Appellant contends that the court failed to grant a rehearing within a reasonable time after the referee's order of detention, and that such failure constituted a denial of due process which compels the dismissal of all proceedings. This issue is raised for the first time on appeal, and appellant admits that its resolution is not necessary to a decision in this case.
Section 558 sets the time limits within which the court must decide whether to grant or deny an application for a rehearing. It also provides that such rehearing ‘shall be granted as of right’ if the proceedings before the referee are unreported. However the statute sets no time limit within which a rehearing, if granted, must be calendared. The section does allow 20 days for the court, following the receipt of the application for rehearing, to decide whether to grant a rehearing in a reported case. It would not appear to be an abuse of discretion to grant a rehearing application and rule thereon within 13 days in an unreported case, which is what happened in the case at bench.
We are not unmindful that juveniles have constitutionally protected rights. Where a minor is being unlawfully detained, habeas corpus will lie to secure his prompt release. (In re Butterfield (1967) 253 Cal.App.2d 794, 796, 61 Cal.Rptr. 874; In re Colar (1970) 9 Cal.App.3d 613, 88 Cal.Rptr. 651.) This remedy was not pursued in the instant case. A juvenile's constitutional rights have been recognized by the United States Supreme Court in In re Gault (1967) 387 U.S. 1, 87 S.Ct. 1428, 18 L.Ed.2d 527, and In re Winship (1970) 397 U.S. 358, 90 S.Ct. 1068, 25 L.Ed.2d 368, and California cases consistent with these decisions. (See 6 Witkin, Summary of Cal. Law (8th ed. 1974) Parent and Child, s 306 et seq., pp. 4811—4838.) However, as regards the case at bench, we subscribe to the sentiments expressed by Chief Justice Burger in his dissent in Winship in which he attacks the ‘. . . further strait-jacketing of an already overly restricted system. What the juvenile court system needs is not more but less of the trappings of legal procedure and judicial formalism; the juvenile court system requires breathing room and flexibility in order to survive, . . .’ (In re Winship, supra, at p. 376, 90 S.Ct. at p. 1079.)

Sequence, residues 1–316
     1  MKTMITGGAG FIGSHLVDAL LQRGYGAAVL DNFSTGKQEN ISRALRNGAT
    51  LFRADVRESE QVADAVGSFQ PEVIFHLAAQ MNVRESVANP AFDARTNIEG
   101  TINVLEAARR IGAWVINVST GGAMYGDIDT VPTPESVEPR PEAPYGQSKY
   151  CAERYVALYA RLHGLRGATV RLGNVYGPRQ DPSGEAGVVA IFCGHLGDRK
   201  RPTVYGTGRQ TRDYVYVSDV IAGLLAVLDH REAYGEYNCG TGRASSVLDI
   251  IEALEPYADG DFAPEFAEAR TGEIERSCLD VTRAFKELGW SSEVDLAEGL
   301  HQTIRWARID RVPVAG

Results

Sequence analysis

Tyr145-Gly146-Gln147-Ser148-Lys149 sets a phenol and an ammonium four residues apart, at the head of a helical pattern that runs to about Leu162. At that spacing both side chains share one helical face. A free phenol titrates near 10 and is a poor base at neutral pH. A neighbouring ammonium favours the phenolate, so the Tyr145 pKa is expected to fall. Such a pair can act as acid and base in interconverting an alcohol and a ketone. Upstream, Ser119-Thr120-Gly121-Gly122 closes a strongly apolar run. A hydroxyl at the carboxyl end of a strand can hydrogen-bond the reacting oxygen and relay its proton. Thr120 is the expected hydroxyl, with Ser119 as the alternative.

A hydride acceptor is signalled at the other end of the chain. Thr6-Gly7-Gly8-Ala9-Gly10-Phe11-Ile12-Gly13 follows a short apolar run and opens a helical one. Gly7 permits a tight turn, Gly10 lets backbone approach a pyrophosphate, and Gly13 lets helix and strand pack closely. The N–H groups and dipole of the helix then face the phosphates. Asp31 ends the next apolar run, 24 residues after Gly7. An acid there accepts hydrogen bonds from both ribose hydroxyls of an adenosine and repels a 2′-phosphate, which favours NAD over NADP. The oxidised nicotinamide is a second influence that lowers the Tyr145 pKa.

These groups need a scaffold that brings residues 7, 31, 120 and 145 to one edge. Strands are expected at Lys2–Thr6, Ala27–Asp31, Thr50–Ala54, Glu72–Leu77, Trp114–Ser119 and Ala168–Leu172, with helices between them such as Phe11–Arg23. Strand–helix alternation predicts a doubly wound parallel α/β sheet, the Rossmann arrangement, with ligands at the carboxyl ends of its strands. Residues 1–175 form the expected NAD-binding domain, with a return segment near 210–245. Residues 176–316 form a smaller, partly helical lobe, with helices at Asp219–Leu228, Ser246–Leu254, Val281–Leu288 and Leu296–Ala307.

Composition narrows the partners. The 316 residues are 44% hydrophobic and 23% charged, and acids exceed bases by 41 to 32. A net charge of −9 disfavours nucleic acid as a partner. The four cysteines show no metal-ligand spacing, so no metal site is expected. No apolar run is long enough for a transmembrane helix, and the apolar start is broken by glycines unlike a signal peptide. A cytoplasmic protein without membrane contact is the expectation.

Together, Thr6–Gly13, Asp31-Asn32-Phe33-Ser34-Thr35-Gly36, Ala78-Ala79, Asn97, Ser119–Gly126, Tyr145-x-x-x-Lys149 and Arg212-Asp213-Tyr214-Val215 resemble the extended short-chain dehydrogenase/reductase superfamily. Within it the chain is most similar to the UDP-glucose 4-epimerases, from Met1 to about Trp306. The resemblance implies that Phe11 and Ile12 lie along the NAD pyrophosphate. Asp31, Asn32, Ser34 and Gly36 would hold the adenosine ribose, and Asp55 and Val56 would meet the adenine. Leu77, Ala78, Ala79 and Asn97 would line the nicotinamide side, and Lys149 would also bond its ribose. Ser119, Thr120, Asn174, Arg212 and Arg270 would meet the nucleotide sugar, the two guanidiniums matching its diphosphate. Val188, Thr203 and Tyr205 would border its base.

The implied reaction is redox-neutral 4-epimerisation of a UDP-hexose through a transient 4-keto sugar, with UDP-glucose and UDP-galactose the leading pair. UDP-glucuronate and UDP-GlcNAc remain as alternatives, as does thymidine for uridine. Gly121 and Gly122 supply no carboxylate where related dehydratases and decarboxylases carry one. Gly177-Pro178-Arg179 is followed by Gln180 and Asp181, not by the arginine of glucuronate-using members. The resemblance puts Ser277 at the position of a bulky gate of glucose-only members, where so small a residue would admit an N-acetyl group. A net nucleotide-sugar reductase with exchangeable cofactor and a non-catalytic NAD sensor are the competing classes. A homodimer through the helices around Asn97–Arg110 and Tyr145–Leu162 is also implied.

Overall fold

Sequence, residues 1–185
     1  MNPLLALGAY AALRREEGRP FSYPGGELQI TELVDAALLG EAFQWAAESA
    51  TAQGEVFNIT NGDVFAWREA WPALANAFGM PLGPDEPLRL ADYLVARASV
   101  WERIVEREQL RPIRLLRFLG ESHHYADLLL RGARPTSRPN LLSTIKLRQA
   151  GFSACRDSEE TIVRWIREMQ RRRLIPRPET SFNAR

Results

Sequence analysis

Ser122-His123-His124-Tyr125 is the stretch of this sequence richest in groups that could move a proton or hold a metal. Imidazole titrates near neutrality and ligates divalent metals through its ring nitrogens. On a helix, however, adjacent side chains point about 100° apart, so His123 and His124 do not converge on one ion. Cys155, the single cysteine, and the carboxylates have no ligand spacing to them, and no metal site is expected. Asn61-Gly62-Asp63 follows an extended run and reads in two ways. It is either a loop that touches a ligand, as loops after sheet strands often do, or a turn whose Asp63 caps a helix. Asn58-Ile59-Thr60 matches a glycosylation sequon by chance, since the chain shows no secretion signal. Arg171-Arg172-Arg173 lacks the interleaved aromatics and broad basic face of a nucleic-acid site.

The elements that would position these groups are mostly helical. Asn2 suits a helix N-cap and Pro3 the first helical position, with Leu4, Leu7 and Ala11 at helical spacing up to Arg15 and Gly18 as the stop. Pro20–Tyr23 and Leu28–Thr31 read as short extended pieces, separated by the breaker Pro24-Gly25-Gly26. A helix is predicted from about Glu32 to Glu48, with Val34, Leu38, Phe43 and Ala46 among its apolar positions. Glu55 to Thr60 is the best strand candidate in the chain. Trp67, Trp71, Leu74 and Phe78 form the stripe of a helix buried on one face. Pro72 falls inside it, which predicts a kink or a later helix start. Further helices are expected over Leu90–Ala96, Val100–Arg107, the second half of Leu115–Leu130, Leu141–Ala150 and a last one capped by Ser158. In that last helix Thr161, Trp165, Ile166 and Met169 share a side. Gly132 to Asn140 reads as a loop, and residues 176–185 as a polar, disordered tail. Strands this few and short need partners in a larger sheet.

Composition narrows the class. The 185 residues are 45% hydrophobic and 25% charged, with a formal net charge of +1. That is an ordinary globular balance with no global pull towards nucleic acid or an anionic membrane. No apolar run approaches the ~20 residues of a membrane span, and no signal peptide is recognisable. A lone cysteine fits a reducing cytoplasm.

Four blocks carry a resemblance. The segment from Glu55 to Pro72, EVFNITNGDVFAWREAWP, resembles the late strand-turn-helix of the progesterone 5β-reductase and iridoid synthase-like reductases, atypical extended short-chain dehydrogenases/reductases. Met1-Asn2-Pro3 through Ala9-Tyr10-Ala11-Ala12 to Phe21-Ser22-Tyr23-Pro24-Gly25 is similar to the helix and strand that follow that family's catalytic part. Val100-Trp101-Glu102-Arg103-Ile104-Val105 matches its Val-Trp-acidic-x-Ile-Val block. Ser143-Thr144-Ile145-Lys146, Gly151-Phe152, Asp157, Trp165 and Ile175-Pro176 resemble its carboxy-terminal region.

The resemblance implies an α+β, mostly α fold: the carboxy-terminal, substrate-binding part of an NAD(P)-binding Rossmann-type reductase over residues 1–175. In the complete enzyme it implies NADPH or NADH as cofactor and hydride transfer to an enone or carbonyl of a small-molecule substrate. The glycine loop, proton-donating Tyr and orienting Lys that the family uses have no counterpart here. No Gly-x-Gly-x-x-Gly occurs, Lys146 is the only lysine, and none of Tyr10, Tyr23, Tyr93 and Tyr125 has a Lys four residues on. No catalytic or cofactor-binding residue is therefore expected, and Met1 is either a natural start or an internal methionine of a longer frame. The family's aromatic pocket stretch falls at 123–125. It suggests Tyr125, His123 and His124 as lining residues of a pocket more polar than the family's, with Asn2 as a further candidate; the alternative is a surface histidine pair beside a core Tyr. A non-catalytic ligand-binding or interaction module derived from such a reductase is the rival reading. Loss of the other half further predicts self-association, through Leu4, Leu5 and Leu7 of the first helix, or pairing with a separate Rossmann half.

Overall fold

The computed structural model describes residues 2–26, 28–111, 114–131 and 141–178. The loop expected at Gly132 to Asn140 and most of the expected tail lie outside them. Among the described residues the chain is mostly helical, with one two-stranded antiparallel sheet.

The judgment is affirmed.
1. All references to code sections hereafter are to Welfare and Institutions Code.
WEINBERGER,[FN*] Associate Justice (Assigned). FN* Retired judge of the superior court sitting under assignment by the Chairman of the Judicial Council.
MOLINARI, P.J., and SIMS, J., concur.